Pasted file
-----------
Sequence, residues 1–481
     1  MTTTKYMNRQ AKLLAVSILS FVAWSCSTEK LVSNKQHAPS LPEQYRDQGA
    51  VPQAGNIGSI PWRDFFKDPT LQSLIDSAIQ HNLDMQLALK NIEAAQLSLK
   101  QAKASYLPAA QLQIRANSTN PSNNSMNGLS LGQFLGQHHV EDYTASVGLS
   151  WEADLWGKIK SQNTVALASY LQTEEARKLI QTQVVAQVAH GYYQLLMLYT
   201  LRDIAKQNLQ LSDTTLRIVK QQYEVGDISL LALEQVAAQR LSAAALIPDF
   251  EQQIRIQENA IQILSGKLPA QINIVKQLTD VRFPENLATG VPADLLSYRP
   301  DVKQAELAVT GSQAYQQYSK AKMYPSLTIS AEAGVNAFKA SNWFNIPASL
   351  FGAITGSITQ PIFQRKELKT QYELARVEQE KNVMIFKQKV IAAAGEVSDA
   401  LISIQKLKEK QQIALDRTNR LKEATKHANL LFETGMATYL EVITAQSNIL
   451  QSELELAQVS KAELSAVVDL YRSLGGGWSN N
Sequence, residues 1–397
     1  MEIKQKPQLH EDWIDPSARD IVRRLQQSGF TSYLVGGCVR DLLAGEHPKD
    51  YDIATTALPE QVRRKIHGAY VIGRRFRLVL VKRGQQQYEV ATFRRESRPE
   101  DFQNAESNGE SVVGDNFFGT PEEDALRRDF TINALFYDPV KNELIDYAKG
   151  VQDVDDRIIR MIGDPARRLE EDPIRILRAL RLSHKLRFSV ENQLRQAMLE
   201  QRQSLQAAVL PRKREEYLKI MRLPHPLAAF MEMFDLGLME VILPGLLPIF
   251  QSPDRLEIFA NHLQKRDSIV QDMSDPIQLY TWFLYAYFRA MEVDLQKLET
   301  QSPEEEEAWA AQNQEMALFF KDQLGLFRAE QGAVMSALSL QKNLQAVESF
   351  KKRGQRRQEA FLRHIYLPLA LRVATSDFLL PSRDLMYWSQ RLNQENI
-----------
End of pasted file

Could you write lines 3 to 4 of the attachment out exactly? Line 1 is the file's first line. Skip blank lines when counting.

    51  VPQAGNIGSI PWRDFFKDPT LQSLIDSAIQ HNLDMQLALK NIEAAQLSLK
   101  QAKASYLPAA QLQIRANSTN PSNNSMNGLS LGQFLGQHHV EDYTASVGLS